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19 July 2021

Once poverty-environment objectives have been well integrated into national development plans, a critical next step in terms of the implementation of these objectives is to influence budget processes so that the funds necessary to implement these objectives are allocated and spent. Because it is mainly actions at the sector and sub-national levels that are necessary to implement poverty-environment objectives included in national development plans, it is necessary to influence budgets at national, sector and sub-national levels – a significant challenge. It is through such influencing that increased financial resources are allocated to generate substantive impact.

Initially, we used public environment expenditure reviews (PEERs) to track expenditures, which demonstrated that budget allocations at all levels were markedly less than what was required to implement Poverty-Environment objectives. While these findings were useful, PEERs are expensive, time consuming, backwards looking and are not systematically applied. These challenges led us to provide support for the design and application of different approaches, which has helped UNDP–UNEP Poverty-Environment Action for Sustainable Development Goals (Poverty-Environment Action) develop a recommended package approach for influencing budgets.

An approach that has great potential is the application of environment and climate budget coding – assigning codes to track different types of environment and climate change expenditure and integrating those codes into the budget system – which is a major focus of Poverty-Environment Action support in Mozambique to the Ministry of Economy and Finance. The codes need to be applied across the entire budget system both horizontally and vertically requiring a large amount of work and substantive capacity-building.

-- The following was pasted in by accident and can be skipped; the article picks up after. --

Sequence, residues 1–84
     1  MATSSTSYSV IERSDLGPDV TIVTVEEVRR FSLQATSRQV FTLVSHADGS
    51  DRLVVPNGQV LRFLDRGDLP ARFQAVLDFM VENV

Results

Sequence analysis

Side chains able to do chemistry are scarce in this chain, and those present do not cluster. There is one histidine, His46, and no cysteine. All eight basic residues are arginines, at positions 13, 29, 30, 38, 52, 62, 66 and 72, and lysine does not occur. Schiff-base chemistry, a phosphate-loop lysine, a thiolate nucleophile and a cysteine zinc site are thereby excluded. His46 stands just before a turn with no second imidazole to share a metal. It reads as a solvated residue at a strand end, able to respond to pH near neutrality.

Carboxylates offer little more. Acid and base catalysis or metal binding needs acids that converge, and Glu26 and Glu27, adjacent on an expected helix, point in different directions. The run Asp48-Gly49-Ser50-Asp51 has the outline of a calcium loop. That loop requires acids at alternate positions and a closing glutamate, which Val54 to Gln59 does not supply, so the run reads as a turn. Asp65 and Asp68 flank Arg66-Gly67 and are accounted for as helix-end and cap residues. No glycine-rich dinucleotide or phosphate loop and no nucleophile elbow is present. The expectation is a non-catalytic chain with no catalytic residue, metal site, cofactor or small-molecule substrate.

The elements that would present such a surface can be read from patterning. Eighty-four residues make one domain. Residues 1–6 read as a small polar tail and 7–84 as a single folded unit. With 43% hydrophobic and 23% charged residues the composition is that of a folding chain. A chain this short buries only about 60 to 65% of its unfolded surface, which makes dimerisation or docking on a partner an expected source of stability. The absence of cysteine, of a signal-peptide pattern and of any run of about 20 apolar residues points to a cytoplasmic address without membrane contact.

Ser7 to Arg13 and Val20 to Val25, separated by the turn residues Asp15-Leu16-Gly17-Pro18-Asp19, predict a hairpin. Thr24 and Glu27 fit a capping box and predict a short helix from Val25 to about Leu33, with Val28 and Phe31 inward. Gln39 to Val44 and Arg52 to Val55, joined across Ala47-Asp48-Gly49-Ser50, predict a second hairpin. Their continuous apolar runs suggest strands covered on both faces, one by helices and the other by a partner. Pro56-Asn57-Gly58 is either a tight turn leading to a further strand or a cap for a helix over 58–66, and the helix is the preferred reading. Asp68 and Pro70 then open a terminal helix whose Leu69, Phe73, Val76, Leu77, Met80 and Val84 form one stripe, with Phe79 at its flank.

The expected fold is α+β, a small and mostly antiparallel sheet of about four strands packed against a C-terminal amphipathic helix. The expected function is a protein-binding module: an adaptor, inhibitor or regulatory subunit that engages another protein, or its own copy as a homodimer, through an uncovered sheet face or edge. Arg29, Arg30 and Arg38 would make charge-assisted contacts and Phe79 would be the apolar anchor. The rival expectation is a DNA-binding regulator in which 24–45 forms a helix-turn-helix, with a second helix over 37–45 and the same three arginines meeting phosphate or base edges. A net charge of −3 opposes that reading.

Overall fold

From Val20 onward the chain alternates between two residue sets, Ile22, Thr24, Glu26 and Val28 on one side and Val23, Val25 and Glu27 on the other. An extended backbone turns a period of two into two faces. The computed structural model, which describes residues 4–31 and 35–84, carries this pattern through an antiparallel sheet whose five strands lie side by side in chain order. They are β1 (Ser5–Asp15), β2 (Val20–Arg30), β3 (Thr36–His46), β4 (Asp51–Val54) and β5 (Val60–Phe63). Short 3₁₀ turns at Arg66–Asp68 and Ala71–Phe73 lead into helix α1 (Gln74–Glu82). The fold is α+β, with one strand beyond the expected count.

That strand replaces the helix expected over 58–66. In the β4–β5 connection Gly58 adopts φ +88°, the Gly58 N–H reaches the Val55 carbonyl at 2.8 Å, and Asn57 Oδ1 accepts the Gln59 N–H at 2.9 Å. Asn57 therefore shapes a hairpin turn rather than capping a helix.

Besides enabling tracking of budget allocation and expenditure against defined indicators and objectives, budget coding combined with cost-effectiveness analysis of budget expenditure enables better targeting of financial allocation. The combination of budget tracking and demonstrated cost-effectiveness can also be very useful in convincing development partners to allocate more funds for sustainability and resilience.

While currently Mozambique is the only Poverty-Environment Action Africa country fully developing and applying such budget coding, as a result of country exchanges of experience – initially through physical workshops and currently through electronic means – Rwanda and Malawi have requested Poverty-Environment Action support to work with their Finance ministries to adopt environment and climate budget coding.

Poverty-Environment Action and United Nations Office for Disaster Risk Reduction (UNDRR) have combined efforts to set up a working group to promote the use of budget coding for environment, climate change and disaster risk reduction.

Photo: Albert Farran/African Renewal UN (2019).


The series Stories of Change 2021 was prepared by UNDP–UNEP Poverty-Environment Action for Sustainable Development Goals through the generous financial support of the Governments of Austria, Belgium, Norway, Sweden and the European Union.